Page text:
Gestapo summary: Gisela and the leaflets

When Hans Scholl’s political activity became especially evident the week before his arrest and he and his accomplice Schmorell stayed in the apartment nights, Schertling became convinced that the two of them were involved in treasonous activity. Her suspicions were strengthened when she was with Hans Scholl daily (and spent the night there) the week before his arrest when Sophie Scholl was gone. Continue reading

Willi Graf at Scholls’ apartment

Last Friday, I visited him for the last time in his apartment. At this moment, I could not say whether his sister (who lives in the same apartment) was also present. During these visits, we primarily discussed literary matters more than any other topic. As far as I know Hans Scholl, he is among those German men who have dedicated themselves to a German victory. Incidentally, I am shocked that such a question could even be posed during this time of war. Continue reading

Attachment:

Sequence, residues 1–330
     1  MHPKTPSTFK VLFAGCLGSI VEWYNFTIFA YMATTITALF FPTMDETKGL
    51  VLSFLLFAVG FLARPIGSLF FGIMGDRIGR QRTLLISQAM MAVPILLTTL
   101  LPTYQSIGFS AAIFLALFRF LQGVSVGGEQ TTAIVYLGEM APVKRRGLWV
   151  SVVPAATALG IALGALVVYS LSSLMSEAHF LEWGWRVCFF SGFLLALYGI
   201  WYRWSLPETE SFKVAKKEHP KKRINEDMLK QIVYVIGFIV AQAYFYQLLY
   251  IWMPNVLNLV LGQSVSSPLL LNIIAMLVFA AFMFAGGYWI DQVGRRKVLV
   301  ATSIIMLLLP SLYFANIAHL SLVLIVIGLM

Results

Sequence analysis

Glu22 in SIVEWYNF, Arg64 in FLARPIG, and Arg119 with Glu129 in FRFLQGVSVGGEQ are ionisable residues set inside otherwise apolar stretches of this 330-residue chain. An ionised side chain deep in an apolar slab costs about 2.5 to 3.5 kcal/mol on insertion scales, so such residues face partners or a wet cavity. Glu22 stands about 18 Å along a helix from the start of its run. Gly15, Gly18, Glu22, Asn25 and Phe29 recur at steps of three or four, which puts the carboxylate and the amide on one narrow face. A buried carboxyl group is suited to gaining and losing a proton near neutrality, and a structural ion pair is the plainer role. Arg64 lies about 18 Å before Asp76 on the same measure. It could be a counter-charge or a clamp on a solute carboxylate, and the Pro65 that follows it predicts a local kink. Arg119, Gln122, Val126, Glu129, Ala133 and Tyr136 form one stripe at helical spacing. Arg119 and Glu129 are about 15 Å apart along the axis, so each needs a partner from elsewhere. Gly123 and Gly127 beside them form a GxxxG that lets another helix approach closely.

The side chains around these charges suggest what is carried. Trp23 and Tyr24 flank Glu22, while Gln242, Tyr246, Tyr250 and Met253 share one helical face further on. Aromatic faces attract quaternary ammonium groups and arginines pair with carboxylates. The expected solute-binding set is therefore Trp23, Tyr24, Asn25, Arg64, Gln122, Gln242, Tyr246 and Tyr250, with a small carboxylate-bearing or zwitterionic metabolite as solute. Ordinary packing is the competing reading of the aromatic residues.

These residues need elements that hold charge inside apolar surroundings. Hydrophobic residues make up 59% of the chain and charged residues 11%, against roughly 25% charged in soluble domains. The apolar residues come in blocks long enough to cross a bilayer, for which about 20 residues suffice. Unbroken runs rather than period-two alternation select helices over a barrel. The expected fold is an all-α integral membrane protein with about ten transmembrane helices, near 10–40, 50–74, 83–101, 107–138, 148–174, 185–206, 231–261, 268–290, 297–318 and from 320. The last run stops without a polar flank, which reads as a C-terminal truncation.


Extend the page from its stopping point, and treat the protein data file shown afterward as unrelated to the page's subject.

Willi Graf stops by to help print leaflets

Before I left [to go skiing], I stopped by Scholl’s apartment around 4 pm, where Hans Scholl or Schmorell were already busy typing the stencil for the leaflet entitled “German Students” or “Fellow Students”. In my presence, Scholl and Schmorell began the production of that leaflet. At first, it was not working properly. And finally, I had to leave because I had to get ready for my trip. Continue reading

Wolf Jaeger visits Hans Scholl

It is possible that I saw the student Jaeger [Note 1] in Scholl’s apartment on either February 12 or 13, 1943. On that occasion, Jaeger brought Scholl a book from the National Library [Staatsbibliothek]. They talked for about half an hour. Willi Graf was also present. I could tell from the conversation which primarily was about literary matters that Jaeger had studied at the University of Freiburg. Continue reading

Alexander Schmorell re addressing of sixth leaflet

Either the next day, or the day after that, Hans Scholl and I set about getting our leaflets ready to mail. We used an older student directory (I believe Scholl owned something like that) and randomly copied out the addresses of students [Note 1] who lived in Munich. Continue reading